Trends in the 19th and 20th Centuries
Near the close of the 19th century came a new revival in the art of typography. It was led and stimulated by William Morris, an English artist, writer, and craftsman. He was unable to find types, paper, or printing that satisfied his standards. He decided to learn the art of printing.
In 1891 he founded the Kelmscott Press. He designed special types with the aid of his friend Emery Walker. Morris' books, printed by hand on handmade paper, were in the style of the finest of the early books. They were soon being imitated by a host of other private presses. Among the best of these were the Doves Press of Thomas J. Cobden-Sanderson and the Ashendene Press of C.H. St. John Hornby. Morris had an enormous influence. Among his American followers were Bruce Rogers, Daniel B. Updike, and Frederic W. Goudy.
Daniel Berkeley Updike opened the Merrymount Press in Boston in 1893. He stocked only types that met the twin criteria of economy in use and beauty of design. His books are both functional and pleasing to the eye.
Of great importance to printing in the 20th century was the designing of good typefaces for composing machines. Frederic William Goudy, the American type designer, created more than 100 faces during a long career as a printer, editor, and typographer. In 1908 he began a long association with the Lanston Monotype Corporation, for which he did much of his best work. Among his types were Forum and Trajan, which were based on the roman capital letters inscribed on Trajan's Column; Goudy Modern, his most successful text face; and a number of black-letter and display faces. Many of these were intended for the Monotype.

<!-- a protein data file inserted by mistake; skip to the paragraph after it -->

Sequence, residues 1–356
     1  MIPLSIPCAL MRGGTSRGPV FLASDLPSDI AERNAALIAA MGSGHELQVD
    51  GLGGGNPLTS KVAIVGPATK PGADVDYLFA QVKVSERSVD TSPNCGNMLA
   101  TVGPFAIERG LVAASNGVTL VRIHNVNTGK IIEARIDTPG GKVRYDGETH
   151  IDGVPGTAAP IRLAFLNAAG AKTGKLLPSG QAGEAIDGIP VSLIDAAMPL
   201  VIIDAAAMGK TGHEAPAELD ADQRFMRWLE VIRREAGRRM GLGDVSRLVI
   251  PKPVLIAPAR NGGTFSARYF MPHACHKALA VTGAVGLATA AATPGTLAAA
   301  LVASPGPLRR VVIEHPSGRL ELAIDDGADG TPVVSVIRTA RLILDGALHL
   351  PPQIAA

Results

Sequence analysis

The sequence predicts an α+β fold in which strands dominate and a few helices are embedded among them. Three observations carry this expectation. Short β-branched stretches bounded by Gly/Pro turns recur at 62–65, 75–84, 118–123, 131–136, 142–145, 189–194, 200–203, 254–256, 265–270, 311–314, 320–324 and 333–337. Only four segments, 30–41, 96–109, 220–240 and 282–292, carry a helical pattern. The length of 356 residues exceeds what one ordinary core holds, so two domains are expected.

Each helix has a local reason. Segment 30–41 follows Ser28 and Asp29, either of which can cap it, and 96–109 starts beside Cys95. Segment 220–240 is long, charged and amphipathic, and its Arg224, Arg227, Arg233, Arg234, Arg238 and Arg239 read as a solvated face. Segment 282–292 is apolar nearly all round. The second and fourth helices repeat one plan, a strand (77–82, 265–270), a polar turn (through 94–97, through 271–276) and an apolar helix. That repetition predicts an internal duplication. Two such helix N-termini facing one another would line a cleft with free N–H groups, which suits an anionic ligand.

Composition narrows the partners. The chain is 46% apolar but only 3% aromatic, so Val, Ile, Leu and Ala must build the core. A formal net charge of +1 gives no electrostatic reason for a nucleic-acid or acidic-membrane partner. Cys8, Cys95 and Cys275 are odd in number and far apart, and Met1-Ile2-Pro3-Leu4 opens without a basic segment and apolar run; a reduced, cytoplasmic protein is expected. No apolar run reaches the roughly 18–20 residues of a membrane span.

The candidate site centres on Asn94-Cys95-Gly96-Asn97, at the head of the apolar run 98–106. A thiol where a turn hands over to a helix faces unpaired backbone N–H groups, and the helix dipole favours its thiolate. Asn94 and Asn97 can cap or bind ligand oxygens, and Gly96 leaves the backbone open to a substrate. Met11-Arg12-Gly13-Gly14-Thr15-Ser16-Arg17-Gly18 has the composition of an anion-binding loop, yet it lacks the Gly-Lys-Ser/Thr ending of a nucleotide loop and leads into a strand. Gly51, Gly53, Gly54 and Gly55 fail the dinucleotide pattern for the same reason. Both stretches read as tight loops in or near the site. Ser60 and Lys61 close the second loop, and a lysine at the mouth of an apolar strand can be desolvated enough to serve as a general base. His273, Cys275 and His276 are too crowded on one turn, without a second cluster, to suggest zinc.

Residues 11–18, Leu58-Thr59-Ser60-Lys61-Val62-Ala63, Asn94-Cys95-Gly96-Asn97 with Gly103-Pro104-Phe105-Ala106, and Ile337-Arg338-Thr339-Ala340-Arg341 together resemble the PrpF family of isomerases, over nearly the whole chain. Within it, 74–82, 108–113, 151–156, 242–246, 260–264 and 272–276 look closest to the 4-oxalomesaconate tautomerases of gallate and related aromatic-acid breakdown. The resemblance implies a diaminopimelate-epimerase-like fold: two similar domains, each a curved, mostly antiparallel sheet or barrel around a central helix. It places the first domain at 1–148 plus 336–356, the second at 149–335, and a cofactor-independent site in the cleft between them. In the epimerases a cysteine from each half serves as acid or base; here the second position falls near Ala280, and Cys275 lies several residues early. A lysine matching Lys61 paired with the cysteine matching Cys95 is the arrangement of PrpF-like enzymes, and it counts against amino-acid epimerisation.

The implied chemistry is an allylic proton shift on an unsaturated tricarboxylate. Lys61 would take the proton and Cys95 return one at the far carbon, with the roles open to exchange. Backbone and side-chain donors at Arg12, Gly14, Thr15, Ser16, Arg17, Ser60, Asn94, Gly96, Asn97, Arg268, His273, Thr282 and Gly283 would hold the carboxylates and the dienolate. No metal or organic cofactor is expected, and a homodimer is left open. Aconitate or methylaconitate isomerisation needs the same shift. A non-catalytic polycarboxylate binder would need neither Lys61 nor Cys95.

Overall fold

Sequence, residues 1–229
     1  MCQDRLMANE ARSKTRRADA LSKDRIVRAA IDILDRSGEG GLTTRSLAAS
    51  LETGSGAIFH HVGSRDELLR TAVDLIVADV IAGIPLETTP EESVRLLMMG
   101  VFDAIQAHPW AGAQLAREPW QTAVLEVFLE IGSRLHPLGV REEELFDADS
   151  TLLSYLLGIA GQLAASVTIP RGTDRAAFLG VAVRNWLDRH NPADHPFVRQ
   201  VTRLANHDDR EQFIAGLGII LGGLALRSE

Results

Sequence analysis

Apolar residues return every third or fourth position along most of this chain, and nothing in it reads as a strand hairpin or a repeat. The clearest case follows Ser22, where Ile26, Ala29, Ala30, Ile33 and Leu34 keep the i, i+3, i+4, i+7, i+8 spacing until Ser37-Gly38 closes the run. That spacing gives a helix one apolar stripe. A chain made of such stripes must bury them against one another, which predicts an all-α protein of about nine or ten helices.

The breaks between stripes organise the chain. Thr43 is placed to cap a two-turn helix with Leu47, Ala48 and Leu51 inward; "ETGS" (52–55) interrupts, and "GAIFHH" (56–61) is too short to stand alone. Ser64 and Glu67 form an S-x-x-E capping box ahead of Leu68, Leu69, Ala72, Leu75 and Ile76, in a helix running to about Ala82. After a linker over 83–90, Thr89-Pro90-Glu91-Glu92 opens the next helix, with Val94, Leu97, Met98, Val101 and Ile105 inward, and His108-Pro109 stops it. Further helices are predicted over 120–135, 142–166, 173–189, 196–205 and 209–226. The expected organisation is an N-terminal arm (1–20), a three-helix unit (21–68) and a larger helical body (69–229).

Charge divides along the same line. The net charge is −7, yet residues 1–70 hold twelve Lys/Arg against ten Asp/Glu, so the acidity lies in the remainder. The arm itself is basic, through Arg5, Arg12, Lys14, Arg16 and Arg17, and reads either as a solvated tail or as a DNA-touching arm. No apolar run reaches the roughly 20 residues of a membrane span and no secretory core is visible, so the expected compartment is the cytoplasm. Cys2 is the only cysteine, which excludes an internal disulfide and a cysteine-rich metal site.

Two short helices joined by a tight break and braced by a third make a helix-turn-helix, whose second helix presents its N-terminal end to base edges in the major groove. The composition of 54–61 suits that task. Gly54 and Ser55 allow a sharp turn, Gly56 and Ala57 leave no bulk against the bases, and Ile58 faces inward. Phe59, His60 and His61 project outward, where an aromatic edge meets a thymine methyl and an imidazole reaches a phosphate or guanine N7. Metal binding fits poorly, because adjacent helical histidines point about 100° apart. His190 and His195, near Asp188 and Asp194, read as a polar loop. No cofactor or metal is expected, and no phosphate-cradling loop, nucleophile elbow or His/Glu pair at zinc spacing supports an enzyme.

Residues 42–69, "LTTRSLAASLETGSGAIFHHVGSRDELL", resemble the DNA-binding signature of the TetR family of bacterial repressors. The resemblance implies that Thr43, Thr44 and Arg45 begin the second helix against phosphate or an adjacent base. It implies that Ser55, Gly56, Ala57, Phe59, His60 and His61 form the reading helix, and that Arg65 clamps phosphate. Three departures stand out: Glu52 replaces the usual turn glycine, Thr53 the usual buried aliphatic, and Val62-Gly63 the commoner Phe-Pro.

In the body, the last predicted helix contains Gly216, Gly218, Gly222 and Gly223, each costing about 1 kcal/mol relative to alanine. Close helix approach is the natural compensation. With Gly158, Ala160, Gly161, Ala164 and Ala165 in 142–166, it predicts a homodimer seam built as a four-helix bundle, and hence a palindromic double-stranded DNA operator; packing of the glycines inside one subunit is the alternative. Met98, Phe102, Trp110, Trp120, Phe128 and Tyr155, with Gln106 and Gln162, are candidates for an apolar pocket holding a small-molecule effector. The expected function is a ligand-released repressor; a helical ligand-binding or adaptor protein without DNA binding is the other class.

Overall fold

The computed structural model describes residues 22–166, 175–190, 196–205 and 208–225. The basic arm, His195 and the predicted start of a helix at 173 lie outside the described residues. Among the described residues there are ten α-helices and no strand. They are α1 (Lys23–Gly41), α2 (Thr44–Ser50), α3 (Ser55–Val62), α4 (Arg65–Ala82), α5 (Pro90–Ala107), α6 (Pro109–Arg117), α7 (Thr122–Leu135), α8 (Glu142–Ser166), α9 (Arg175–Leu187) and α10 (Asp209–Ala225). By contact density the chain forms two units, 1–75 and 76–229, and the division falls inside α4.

William Addison Dwiggins, a student of Goudy, was long associated with the publishing firm of Alfred A. Knopf, whose house style he helped to establish. Dwiggins designed a number of typefaces for the Linotype, two of which--Electra and Caledonia--have had wide use in American bookmaking. The fine types of Aldus, Garamond, and Baskerville were recut for machine use. In adapting these styles an outstanding figure was Stanley Morison of the English Monotype Company. He revived many fine old typefaces and commissioned some of the best modern ones.
During the 20th century styles in book design, as in all the arts, fine or applied, have become increasingly international. Styles born in one country spread throughout the world and die through overuse at a dizzying rate. As a consequence, it has become increasingly difficult to distinguish truly individual or national styles. Books, magazines, clothes, paintings, music--regardless of country of origin--all resemble one another far more than they differ.
Sizes of Type - Measuring Width - Fonts - Type Casting by Hand and by Machine
Invention and Spread of Type and Printing - First Designs for Roman and Italic Types
Old-Style Types by Garamond and Caslon - Bodoni Originates Modern Types
Inexpensive Fonts - BACK TO MAIN PAGE